- Are the fixes independent? If two fixes are for the same problem, you may want to just do the best fix and wait to see if that is enough.
Otherwise, my advice is to do as many of the fixes as you can that would have prevented the issue. It seems silly to have to say this but fix it all! There’s a big tendency among people to grab the first or easiest solution. Take the time to do several.
Preventing the Issue
Let’s look at a method to evaluate a whole lot of issues and once, to find a common problem – and prevention – in your organization.
My favorite question for this phase of the RCA is “What’s the earliest process that could have prevented this?”. It might be the most important question in the RCA. Do you really need to know the exact cause if you can figure out a way to prevent it?
There’s a simple way to identify that root cause that gives you real data to fix your team or company’s software development.
- Add a dropdown on your bug tracking system – Jira, TFS, Salesforce, whatever. In the dropdown put a bunch of preventions like:
- Requirements from PM
- Acceptance demo and test
- Unit test
- Component/API test
- Integration or Resource use test
- A/B test with real customer data
- Deployment automation
- Deployment risk prevention (ex: canary, blue/green, etc.)
You can change these or add your own but try to start with fewer than 10 choices.
2. Review about 100 to 200 high priority bugs in your system. Definitely look at issues in production and escalated from customers, but also consider ones found internally after merge into main that didn’t make it to production.
Rank the bugs with that drop down. This is an ugly manual job and will take a couple of hours, but it’s worth it to do once every 6 months to a year. Don’t farm it out to the dev teams. Just get one to 3 people to go through them all quickly.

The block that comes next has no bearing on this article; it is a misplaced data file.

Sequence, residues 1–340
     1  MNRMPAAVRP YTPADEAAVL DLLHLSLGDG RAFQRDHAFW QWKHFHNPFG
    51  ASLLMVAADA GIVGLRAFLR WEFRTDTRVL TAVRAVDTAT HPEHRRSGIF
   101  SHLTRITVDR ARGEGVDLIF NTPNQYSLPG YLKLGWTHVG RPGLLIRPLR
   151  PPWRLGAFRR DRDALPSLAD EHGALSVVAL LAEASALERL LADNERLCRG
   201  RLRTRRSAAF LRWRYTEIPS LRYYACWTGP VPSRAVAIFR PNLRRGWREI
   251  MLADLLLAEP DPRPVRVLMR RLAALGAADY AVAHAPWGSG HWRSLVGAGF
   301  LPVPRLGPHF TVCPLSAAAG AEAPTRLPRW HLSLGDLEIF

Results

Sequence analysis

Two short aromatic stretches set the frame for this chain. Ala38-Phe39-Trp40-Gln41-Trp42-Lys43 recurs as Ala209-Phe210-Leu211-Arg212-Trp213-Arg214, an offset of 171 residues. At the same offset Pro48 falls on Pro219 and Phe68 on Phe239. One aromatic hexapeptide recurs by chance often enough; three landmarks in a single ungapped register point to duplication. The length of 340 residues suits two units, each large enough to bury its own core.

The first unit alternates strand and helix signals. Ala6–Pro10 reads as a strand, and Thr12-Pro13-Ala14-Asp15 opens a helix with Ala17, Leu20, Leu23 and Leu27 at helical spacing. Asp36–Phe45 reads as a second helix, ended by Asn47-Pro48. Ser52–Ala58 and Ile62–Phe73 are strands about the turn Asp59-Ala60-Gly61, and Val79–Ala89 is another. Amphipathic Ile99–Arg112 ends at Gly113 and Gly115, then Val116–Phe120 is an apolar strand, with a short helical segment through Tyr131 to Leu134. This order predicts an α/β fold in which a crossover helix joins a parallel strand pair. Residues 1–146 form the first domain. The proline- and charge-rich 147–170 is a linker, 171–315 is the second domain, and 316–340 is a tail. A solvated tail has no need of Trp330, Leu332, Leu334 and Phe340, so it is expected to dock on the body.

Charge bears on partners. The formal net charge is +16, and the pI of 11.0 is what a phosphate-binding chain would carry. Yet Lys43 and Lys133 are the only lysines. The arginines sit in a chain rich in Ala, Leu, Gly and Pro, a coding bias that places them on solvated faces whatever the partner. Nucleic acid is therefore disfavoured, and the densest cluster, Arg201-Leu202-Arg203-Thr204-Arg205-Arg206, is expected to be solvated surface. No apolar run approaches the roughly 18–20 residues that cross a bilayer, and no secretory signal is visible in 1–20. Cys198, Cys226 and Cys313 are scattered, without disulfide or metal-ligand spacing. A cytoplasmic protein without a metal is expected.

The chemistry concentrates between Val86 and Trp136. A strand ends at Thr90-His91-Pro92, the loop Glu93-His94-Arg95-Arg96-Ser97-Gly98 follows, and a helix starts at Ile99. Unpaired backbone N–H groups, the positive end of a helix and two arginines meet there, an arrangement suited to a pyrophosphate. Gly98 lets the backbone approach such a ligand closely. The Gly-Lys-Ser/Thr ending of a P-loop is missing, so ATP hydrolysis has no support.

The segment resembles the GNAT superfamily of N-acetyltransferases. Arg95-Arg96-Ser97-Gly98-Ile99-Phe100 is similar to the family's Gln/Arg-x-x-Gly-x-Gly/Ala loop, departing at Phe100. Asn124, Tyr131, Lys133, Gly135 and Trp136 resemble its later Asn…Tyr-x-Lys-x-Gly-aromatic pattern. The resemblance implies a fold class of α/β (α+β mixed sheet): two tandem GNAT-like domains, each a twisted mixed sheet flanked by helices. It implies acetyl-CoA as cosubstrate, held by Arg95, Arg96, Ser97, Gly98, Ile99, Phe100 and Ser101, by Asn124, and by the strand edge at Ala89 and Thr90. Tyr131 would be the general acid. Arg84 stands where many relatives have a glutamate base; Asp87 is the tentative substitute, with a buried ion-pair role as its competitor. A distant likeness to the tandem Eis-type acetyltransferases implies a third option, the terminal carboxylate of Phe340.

3. Look for patterns. Most companies have one or two areas where they are having problems. This exercise gives you the data to prove that those areas need to be fixed.
I’ve seen problems in most of the areas mentioned in the list, except unit testing. Unit testing wasn’t shown to be a great bug preventative for P1 bugs in the few companies I looked at. I think that’s because it’s better at documenting the code and making it maintainable than preventing bugs.
4. Find sub categories and do another pass. Most companies seem to have 1 or 2 major areas where they need help. Unfortunately, the exercise above will have narrowed down the problem but not provided a root cause. It just tells you where to look.
For example, were requirements from PM not translated from epics to stories? We’re they not in the acceptance criteria? Were they not validated with customers? Did they not include the customer, problem from the customer point of view, and outcome the customer would get?
You’ll need a new set of categories and another pass of just the bugs in that category to narrow down your root cause among the available issues. In the spirit of 5 whys, you may need several passes to get enough information to go all the way to root cause. This will sound like a lot of work, and it is, but you are doing a massive RCA for a lot of issues to get real data on where to fix your software development lifecycle.
Copyright © 2021, All Rights Reserved by Bill Hodghead, shared under creative commons license 4.0